• High Pressure Sodium (HPS): HPS lamps are among the most power-efficient. They can produce an outstanding 100 lumens per watt, which occasionally rises to 150 lumens, for 600-Watt globes. HPS lamps produce a large spectrum of light, much of it towards the red end of the spectrum. You will notice that these lamps produce an orange light. The extreme power of HPS lamps means you should avoid using them when your plants are young.

Light Emitting Diodes (LED)

LEDs are ideal for the entire growth cycle. Although it is claimed that LEDs are expensive, their sheer energy efficiency means you will save money in the long run. Crucially, LEDs run cooler than their HID counterparts which means less chance of the temperature in your grow room increasing to a harmful level.

Fluorescent Lighting

There are several types of fluorescent lighting tubes including short, curved, and compact (also known as CFLs). This type of lighting passes a charge through mercury vapor, which ionizes to produce light. The chemical coatings inside the tube modify the light. As fluorescent lighting produces just 17% of the light of other lamps, you are better off using them in a small grow room only.

7 – 5 mistakes novice growers must avoid

Although we don’t believe novice growers should begin with God Bud, we realize that some prospective marijuana cultivators will dive right in, so here are five common mistakes to avoid.

#1. Placing grow lamps at the wrong height

If your lighting is too high, your God Bud won’t receive enough light to satiate their enormous appetite. As a result, they expend energy and grow skinny in a bid to reach out for more light. The resulting plants will be so weak that they may be unable to support their own weight.
If your lamps are hanging too low, you could cause light burn and damage the quality and quantity of your yield.

#2. A failure to flush

In the marijuana community, some growers believe flushing should only occur as a desperate last-ditch measure. In reality, ALL growers should flush their plants a week before harvest. The process improves the quality of weed because it removes excess chemicals in the plant.

#3. Incorrect feeding

Do your research, and you’ll discover that some marijuana strains handle excess feeding better than others. For example, God Bud is classified as a ‘hungry’ plant, meaning you can feed it regularly with no ill effects. Overfeeding will cause nutrient lockout which eventually spells death to plants. Underfeeding is also deadly; a tell-tale sign is yellow, drooping leaves.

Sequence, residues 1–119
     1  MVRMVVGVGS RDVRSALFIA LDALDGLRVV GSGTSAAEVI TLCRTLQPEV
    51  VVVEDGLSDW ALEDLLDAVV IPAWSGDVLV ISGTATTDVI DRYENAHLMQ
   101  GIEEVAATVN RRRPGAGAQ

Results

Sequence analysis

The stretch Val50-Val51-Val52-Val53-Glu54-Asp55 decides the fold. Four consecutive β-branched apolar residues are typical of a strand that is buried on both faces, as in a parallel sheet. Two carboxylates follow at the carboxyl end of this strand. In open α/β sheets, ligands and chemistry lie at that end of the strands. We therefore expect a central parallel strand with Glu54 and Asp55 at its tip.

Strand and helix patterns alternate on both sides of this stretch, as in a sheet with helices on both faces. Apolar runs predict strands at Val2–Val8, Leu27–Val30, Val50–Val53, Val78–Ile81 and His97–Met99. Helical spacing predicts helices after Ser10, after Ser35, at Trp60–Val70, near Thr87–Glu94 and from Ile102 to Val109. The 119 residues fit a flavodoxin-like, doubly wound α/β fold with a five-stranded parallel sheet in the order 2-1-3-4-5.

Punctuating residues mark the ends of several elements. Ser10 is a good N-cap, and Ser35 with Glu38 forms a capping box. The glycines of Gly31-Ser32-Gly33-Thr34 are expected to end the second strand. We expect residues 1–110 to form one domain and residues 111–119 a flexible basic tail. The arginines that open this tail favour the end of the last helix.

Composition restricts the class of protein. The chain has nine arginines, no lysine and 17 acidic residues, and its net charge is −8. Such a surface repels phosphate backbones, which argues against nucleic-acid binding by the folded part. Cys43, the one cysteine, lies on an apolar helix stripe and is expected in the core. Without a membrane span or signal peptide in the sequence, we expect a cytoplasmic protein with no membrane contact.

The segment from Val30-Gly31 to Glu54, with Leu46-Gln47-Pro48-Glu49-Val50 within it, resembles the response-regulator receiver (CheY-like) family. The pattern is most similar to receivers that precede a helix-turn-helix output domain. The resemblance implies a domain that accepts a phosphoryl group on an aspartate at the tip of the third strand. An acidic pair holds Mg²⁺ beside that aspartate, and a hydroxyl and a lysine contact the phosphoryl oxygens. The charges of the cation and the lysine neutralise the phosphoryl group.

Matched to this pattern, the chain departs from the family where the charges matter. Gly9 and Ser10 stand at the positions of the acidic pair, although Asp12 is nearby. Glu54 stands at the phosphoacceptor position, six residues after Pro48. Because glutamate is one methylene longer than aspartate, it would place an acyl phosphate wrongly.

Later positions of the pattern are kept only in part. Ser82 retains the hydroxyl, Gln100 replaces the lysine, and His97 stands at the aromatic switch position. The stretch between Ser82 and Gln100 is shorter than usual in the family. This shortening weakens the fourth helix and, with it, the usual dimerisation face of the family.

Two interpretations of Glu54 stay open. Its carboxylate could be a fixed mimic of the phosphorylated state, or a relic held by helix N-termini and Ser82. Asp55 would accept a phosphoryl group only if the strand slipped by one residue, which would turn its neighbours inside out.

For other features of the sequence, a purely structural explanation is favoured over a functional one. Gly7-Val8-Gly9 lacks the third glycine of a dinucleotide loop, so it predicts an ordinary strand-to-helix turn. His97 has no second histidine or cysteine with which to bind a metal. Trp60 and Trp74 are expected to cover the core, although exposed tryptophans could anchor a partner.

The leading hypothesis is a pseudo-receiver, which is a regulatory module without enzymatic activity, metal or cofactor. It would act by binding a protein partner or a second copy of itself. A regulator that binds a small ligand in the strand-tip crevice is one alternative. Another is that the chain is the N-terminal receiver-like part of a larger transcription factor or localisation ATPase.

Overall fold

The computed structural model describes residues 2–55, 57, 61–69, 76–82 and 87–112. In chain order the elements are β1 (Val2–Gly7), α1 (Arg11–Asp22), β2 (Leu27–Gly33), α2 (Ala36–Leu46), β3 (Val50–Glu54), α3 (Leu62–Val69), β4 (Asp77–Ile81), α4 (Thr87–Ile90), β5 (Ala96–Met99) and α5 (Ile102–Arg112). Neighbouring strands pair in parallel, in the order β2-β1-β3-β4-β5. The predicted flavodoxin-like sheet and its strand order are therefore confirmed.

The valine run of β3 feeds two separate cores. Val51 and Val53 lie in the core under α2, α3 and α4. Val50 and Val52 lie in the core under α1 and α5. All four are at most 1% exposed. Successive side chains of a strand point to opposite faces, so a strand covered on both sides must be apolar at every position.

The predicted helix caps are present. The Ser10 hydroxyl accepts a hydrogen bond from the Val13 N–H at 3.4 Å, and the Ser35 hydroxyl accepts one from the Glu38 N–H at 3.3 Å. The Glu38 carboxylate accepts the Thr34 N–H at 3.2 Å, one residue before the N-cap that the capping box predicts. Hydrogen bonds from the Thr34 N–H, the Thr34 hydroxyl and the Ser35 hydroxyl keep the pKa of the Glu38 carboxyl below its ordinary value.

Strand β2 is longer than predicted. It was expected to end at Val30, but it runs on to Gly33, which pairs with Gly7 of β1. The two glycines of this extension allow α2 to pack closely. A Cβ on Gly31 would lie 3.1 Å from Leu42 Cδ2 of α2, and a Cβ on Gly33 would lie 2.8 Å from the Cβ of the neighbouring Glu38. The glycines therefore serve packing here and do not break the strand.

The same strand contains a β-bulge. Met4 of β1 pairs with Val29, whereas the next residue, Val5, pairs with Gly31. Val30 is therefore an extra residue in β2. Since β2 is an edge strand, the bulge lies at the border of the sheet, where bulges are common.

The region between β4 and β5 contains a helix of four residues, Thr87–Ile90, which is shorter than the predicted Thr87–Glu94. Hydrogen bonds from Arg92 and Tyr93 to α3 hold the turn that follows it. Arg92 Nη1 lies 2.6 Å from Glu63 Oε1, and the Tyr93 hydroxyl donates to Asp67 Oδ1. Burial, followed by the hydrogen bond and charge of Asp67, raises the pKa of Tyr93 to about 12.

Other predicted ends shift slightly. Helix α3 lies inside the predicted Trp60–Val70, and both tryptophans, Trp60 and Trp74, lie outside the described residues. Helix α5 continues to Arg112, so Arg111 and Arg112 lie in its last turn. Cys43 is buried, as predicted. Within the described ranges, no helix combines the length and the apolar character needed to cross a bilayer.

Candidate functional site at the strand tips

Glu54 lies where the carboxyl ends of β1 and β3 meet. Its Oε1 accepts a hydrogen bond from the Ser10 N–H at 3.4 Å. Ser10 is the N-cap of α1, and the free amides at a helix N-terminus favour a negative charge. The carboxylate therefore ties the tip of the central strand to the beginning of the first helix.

#4. Ignoring health & safety procedures

We have heard countless tales of grow rooms being destroyed because growers failed to adhere to basic health and safety regulations. Remember, you have heat, water, and electricity in the same area! Perform regular checks on the grow room and make sure the electrical cables are all safely stored away out of reach. Also, make sure you don’t overload power sockets with your lighting.

#5. Talking too much

Although medicinal marijuana is now legal in 33 states and recreational weed is legal in 10 states plus D.C., growing it isn’t legal in all of these states. Even if it is legal, there is no need to go around boasting about your crop. All you’re doing is inviting thieves to steal your bud. Remember, most marijuana sells for at least $200 an ounce and is a nice target for criminals.

8 – How much will it cost me to grow God Bud indoors?

There is no question that indoor growing is more expensive. You need seeds, pots, a growing medium, fans, a tent, a filter, lighting, a ventilator, a humidifier or dehumidifier, and a host of other equipment; not to mention the cost of electricity! As a general rule of thumb, you can expect to grow 0.5 grams of weed per Watt of light in the grow room, although you will produce less God Bud than this.

Let’s say your yield is 12 ounces because you have planted God Bud across an area spanning four square meters (three ounces per square meter remember). Although the price will vary, you could potentially get an ounce of God Bud for $300. This means you will save money if your setup and the total cost is less than $3,600. Of course, you should also take the time you spent cultivating the crop into account.

In other words, if you have a decent sized grow room, and follow our growing tips, it is unquestionably worth your while growing God Bud, or any other marijuana strain, at home (as long as it is legal in your state!). However, some people have grow rooms of approximately one meter squared. In that case, growing God Bud is more expensive than purchasing it in a dispensary because it is a low yielding strain.

Even so, you can’t put a price on the experience of growing weed at home. You will learn so much about cannabis, and gain a greater understanding and appreciation of the herb. As a result, using it will be extremely rewarding. If you are a heavy user, it is almost always financially prudent to grow your own weed.

8 Tips for Growing God Bud Cannabis [Grower’s Guide]
November 29, 2018